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In Flower This Week

A weekly news-sheet prepared by a Gardens volunteer.
Numbers in brackets [ ] refer to garden bed 'Sections'. Plants in flower are in bold type.

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27 June 2003

This walk starts at the Nursery and continues into the mallee area. Walking to this area this morning, the sun’s rays are penetrating the mist and dewdrops glisten on plant foliage … really very pleasant, despite the wintry temperatures.

flower image
Melaleuca radula - click for larger image

Olearia astroloba [Section 34] has violet daisies mixed with grey-green leaves while Grevillea lanigera [Section 34], edging the road, is a dense ground cover with pink and cream spider-like flowers. Brachycome multifida ‘Break O’Day’ [Section 34] is another ground cover with small mauve daisies brightening the soft foliage. Across the road, Correa pulchella (variant 2) [Section 100] is a small spreading shrub with pendent red tubular flowers mixing with the dark green foliage. Melaleuca radula [Section 100] displays its soft pink lacey flowers about this open upright shrub while Eriostemon youngii [Section 100] displays its dusky pink tubular flowers mixed with the green-grey foliage on the upright slim shrub. Olearia ramosissima [Section 41] is a dwarf shrub vivid with mauve-tinted white daisies.

Entering the boardwalk in the mallee area, Prostanthera incurvata [Section 100] is a dwarf open aromatic shrub with pale pink tubular flowers. Grevillea dielsiana [Section 100] is a many-branched upright shrub well covered with short fine divided foliage from which the lovely orange-red flower clusters hang. Dampiera lanceolata var. lanceolata [Section 100] displays its deep blue flowers on tumbling stems while Eremophila maculata [Section 100] displays its bright yellow bugle-shaped flowers over a small shrub.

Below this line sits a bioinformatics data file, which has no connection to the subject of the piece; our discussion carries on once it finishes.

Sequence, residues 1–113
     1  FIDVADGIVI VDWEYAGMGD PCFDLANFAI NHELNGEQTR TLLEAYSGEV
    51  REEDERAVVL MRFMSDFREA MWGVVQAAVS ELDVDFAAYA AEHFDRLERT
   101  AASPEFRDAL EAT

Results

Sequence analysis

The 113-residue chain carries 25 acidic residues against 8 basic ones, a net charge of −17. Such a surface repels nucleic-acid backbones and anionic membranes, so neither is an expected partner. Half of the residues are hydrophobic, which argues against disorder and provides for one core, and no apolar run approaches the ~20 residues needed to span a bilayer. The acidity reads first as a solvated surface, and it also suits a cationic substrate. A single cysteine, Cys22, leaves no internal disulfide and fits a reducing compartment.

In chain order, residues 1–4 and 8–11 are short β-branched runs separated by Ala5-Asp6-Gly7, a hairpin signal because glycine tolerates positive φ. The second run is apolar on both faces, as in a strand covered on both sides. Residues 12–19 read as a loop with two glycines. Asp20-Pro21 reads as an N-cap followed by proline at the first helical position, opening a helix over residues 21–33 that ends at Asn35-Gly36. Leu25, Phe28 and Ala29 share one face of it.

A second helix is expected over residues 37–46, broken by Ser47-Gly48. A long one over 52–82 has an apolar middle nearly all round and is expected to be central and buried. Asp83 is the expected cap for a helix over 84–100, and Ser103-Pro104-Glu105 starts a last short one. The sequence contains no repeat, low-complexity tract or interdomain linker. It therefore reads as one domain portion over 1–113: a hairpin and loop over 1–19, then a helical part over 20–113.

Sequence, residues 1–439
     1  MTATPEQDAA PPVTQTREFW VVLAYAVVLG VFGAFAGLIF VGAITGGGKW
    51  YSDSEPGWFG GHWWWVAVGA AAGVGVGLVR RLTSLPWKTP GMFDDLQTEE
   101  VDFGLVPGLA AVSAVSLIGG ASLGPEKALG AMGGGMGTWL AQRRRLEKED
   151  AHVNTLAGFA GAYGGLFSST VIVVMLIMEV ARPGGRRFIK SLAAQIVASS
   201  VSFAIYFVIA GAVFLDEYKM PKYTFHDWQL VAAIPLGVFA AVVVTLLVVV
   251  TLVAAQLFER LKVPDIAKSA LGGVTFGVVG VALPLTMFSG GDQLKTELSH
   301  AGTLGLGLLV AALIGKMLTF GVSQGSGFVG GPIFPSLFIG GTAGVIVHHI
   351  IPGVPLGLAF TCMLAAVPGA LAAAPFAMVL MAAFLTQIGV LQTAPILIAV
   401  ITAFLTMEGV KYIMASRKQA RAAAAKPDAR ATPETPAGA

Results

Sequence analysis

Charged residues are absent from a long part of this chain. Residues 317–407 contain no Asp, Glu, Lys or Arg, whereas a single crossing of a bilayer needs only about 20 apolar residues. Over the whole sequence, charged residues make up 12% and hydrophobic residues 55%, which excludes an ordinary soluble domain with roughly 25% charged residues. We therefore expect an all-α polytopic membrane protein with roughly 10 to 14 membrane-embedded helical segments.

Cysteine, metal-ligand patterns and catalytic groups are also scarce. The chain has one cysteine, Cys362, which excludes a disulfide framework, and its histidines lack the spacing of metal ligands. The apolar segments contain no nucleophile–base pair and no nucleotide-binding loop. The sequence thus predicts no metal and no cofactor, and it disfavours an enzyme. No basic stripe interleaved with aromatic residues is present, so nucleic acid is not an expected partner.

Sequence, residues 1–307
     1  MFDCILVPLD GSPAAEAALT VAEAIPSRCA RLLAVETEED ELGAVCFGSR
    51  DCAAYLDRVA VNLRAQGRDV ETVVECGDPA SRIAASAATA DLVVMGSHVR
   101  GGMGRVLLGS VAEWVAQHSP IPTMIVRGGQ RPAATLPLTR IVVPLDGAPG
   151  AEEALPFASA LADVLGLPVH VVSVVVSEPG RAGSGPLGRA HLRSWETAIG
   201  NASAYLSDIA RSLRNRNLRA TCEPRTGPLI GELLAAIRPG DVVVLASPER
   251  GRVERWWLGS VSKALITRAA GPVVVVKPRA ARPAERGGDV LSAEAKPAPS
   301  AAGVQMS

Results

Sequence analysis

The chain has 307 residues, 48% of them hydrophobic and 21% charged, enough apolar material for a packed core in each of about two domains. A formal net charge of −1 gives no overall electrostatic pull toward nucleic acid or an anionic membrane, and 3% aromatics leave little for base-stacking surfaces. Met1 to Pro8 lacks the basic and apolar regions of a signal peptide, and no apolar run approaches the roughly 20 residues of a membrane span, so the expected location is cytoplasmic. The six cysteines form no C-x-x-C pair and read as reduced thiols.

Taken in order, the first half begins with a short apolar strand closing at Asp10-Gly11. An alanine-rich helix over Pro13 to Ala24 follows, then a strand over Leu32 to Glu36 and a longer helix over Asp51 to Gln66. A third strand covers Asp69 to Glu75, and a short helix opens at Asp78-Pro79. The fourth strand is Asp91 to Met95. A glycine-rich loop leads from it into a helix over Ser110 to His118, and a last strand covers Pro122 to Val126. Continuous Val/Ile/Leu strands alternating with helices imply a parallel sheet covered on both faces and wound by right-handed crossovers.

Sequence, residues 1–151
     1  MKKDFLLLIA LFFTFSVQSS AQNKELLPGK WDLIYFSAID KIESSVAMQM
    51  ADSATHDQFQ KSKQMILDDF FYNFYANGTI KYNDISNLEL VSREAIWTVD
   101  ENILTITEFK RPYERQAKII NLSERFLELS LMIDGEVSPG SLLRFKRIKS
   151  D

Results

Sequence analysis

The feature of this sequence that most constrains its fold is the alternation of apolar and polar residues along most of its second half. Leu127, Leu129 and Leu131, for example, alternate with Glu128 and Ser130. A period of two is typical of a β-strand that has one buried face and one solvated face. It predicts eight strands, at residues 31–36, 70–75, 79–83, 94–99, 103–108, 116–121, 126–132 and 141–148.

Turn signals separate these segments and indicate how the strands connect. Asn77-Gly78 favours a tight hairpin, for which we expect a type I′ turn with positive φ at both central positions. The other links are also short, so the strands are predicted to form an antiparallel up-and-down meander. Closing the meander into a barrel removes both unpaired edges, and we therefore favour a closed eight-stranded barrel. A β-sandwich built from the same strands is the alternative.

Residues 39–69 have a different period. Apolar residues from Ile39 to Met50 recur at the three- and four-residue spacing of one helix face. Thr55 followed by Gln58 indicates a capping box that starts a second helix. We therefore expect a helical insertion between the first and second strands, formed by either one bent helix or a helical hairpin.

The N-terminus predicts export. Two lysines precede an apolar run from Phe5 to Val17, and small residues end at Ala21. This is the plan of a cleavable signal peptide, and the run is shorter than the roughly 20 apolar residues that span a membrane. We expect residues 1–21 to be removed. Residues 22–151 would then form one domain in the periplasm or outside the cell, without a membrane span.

flower image
Grevillea centristigma - click for larger image

At the curve, Astartea heteranthera [Section 100] is a dwarf shrub with the lateral branches covered, in profusion, with pink-tinted white flowers with dark centres. In the background, Grevillea maxwellii [Section 100] is a dense, spreading, semi-prostrate shrub with long red flower clusters seen below the foliage. Hypocalymma sp. [Section 100] has tiny pink lacey flowers on the small shrub while Eremophila punicea [Section 100] is a low spreading woolly greenish-grey shrub with fine light green curved tubular flowers almost concealed in the foliage.

Grevillea centristigma [Section 100] is of medium size with soft silky hairy leaves which cover its bright yellow flowers. Opposite, Banksia epica [Section 100] has many juvenile green flower spikes sharing the old misshapen shrub with the mature flower spikes, which are light ochre with dark styles. Eremophila oppositifolia [Section 100] continues to bear curved mauve, almost white, tubular flowers mixing with the grey-green foliage. Baeckea crassifolia [Section 100] is another dwarf shrub clad with white flowers, while opposite, Thryptomene denticulata [Section 100] is small with long lateral branches profusely covered with deep pink flowers. Westringia crassifolia [Section 100] is an upright shrub of medium size dotted with mauve flowers, while opposite, Acacia aphylla [Section 100] is a leafless, much-branched, erect shrub dotted with yellow flower balls. Banksia ericifolia var. ericifolia [Section 103], at the boardwalk exit, is a large dense shrub bright with long cylindrical rich gold flower spikes.

Such flowers … well worth the walk …                                             Barbara Daly.          



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Updated Thursday, 26 June, 2003 by Laura Vallee (